Microsoft has stated that they will be releasing the official version of the Azure
Sentinel APIs “soon”. While they may not be official, the APIs
are publishing on GitHub and, as far as I can tell, seem to be working
perfectly well. This post will introduce you to the APIs and how to use
them using PowerShell.
Why PowerShell you ask? Well, it is quite easy to use and is easily
translatable into other languages. Also, it is built upon .NET
technologies so it can use .NET based objects and you don’t need to
compile it so it is easy to make changes. Also, IMHO, it is quite cool
but that is another story
First, you need to get the APIs. To get them, go to
A couple of things to note about this link.
- It has “preview” in it a couple of times so things may change before the official release.
- It has “Microsoft.SecurityInsights” in the path. Azure Sentinel used to be called Security Insights and, like a lot of other things Microsoft related, the name has stuck with the URL. I don’t expect that to change even with the official release since there is a lot of code that uses these APIs already.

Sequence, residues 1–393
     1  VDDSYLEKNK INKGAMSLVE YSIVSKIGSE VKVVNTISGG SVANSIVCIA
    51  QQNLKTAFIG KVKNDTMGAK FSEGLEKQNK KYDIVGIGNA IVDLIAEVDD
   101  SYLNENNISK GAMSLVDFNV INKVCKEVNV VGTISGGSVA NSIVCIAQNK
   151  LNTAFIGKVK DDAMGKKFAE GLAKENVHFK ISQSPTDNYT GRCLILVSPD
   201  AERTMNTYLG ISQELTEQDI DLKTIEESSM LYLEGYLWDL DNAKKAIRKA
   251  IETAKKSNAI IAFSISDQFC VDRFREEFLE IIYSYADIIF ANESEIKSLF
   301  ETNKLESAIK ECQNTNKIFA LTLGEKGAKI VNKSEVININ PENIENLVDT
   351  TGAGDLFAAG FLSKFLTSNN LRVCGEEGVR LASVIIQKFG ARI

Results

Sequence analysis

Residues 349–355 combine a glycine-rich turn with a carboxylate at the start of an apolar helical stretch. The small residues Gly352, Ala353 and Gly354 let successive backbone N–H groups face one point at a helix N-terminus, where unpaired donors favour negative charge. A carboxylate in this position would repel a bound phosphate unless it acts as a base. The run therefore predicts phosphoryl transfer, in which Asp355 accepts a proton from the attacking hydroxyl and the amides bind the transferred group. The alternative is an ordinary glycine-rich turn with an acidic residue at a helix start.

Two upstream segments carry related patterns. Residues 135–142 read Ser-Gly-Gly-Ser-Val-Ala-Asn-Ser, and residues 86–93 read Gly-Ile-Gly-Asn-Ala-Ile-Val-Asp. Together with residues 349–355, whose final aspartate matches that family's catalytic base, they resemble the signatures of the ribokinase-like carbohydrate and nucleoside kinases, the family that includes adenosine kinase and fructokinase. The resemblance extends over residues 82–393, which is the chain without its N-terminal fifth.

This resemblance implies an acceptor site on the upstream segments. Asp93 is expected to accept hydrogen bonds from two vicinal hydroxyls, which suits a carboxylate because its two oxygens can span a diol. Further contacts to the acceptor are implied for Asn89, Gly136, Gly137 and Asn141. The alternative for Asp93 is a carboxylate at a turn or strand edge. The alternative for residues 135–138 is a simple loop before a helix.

When you go to the site, there will be two entries. At least
there were two entries when this post was written. There could be more
The “examples” folder has a lot of example outputs from calling the various
parts of the API. This is quite useful for figuring out how to make the
calls and what data to expect back.
The “SecurityInsights.json” file contains all the API call
information. There is a lot of information in it so I suggest using
something like VSCode to look at it so you can show and hide various parts.
It is worth mentioning that the people at Wortell have used these APIs to create a
number of excellent PowerShell commands that you can already use as is or as a
basis for your own code. These can be found at https://github.com/wortell/AZSentinel
In the next posts I will look at how to use the various entries in the API to
add/edit/delete/list information from Azure Sentine